MADISON, Wis. — Did a sleazy budget deal between a desperate Gov. Scott Walker and three holdout Republican State Senators break the law? One Wisconsin Now has submitted evidence to law enforcement authorities including the Dane County District Attorney, and is asking for an investigation of whether or not a state law that prohibits legislators from agreeing to vote for a bill in exchange for other actions by a governor was violated.
One Wisconsin Now Executive Director Scot Ross commented, “In their zeal to get their way, it seems Senators Kapenga, Nass and Stroebel may have forgotten there are still laws protecting clean and open government in Wisconsin, and that as legislators they are still expected to know them and to abide by them.”
Wisconsin Statutes 13.06, Executive Favor, reads:
Any member of the legislature who gives, offers or promises to give his or her vote or influence in favor of or against any measure or proposition pending or proposed to be introduced in the legislature, or that has already been passed by either house of the legislature, in consideration of or on condition that the governor approve, disapprove, veto or sign, or agree to approve, disapprove, veto or sign, any other measure or proposition pending or proposed to be introduced in the legislature or that has already been passed by the legislature, or either house thereof, or in consideration or upon condition that the governor nominate for appointment or appoint or remove any person to or from any office or position under the laws of this state, is guilty of a Class I felony.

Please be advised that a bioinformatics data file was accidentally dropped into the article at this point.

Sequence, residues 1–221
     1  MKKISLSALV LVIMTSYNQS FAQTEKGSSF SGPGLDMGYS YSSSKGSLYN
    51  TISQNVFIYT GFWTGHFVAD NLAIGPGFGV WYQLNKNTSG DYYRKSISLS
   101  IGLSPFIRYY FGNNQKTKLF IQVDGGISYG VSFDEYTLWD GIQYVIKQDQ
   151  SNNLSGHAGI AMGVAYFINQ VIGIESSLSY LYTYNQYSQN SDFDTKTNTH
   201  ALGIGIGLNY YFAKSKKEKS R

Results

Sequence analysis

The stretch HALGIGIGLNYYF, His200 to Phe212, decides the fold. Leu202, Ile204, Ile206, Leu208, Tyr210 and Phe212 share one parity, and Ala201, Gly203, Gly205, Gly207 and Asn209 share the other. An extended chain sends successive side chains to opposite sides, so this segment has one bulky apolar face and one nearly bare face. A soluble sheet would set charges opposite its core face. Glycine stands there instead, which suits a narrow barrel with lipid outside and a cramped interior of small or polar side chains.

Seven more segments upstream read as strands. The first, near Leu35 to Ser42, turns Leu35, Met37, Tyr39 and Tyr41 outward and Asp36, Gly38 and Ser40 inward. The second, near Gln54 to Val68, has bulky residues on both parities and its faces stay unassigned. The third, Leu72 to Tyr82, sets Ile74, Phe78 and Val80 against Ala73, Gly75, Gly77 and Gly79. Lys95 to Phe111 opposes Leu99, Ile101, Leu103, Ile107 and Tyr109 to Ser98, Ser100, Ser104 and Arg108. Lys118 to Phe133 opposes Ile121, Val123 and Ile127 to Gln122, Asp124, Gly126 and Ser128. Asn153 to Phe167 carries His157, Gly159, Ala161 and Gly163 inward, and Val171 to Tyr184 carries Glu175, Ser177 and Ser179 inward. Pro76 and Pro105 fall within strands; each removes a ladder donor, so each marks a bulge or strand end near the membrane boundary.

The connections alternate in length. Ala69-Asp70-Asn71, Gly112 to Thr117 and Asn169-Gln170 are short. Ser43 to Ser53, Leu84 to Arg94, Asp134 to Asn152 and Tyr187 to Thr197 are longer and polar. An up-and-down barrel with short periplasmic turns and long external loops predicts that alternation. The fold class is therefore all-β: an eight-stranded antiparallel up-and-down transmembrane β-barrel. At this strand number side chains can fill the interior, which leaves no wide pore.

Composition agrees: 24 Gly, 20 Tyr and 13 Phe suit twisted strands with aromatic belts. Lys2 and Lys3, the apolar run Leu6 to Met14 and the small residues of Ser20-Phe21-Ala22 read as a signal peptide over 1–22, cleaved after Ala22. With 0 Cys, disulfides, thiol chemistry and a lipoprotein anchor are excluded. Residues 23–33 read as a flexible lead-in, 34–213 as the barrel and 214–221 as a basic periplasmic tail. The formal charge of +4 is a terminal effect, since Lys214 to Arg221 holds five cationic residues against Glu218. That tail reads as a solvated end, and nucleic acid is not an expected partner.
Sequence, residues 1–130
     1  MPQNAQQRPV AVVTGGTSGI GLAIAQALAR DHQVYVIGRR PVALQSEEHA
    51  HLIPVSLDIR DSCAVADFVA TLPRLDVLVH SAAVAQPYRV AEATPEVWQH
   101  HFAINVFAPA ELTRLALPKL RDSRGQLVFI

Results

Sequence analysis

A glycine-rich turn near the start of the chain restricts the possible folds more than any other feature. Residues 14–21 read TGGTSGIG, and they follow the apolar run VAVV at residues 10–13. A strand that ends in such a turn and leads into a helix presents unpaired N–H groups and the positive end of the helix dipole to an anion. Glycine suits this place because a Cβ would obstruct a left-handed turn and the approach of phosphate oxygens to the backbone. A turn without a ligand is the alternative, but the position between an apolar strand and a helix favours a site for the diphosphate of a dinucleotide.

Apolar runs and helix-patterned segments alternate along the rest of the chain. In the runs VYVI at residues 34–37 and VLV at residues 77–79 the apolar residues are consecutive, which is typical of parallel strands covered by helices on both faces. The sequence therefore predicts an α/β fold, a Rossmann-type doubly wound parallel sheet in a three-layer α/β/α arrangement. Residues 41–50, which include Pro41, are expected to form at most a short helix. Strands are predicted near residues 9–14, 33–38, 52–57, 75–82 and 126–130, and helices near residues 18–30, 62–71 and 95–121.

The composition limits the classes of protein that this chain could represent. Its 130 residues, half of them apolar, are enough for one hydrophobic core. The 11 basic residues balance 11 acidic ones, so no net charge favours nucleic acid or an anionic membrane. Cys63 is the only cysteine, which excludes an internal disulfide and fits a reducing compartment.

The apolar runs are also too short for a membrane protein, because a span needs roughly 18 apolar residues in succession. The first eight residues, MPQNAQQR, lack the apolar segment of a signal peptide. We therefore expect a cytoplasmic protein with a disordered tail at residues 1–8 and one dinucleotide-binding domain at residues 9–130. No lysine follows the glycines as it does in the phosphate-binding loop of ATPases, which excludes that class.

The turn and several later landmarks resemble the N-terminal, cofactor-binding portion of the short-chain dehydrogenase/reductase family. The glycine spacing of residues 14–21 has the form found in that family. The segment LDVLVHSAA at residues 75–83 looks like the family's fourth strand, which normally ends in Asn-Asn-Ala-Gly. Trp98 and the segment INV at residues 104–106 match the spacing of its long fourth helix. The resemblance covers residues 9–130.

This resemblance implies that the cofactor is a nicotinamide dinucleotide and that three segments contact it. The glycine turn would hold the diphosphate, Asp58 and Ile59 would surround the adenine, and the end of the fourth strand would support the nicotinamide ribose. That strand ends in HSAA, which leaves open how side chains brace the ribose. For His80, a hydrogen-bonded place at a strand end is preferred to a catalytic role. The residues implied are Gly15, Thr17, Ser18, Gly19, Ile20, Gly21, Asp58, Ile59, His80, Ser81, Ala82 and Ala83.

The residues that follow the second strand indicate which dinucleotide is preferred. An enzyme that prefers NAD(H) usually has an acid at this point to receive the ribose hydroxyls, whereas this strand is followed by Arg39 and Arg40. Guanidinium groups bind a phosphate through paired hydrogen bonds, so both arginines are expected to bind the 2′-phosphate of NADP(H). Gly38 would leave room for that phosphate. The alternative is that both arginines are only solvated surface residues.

After the state budget passed the Assembly, Senators Kapenga, Nass and Stroebel declared that they would not vote for the nearly three month late state spending plan unless a series of demands that they issued were met. Together, their three “no” votes were enough to block passage of the budget in the State Senate.
As reported by the Milwaukee Journal Sentinel when Gov. Walker signed the budget he used his partial veto power to strike several budget items to satisfy several of the demands of the holdout legislators. But Walker also took a separate action outside of the budget bill, which he highlighted in the same press release, signing an executive order implementing a policy provision contained in another bill authored by Sen. Kapenga and sponsored by Senators Nass and Stroebel. The GOP trio responded with a press statement thanking Gov. Walker for his “cooperative approach” in meeting their demands.
Based on their actions and statements, it appears that state law may have been violated. Ross has provided the Dane County District Attorney with documentation of the events and wrote, “I fear that, in addition to their public deal regarding veto assurances, they also struck a secret deal … I must ask that you, together with the District Attorneys of Ozaukee, Waukesha and Walworth Counties, where Senators Stroebel, Kapenga and Nass reside, respectively, investigate this disturbing matter and reaffirm to all Wisconsinites that no one is above the law.”
He concluded, ”Gov. Walker was desperate to get a deal and these three Republican Senators knew it, brazenly holding up the process and publicly releasing a list of demands to be met before they would agree to vote for the budget. Their actions were unquestionably sleazy. We’re asking the authorities to investigate if legal lines were crossed, and if they were, to hold these perpetrators accountable to the full extent allowed by law.”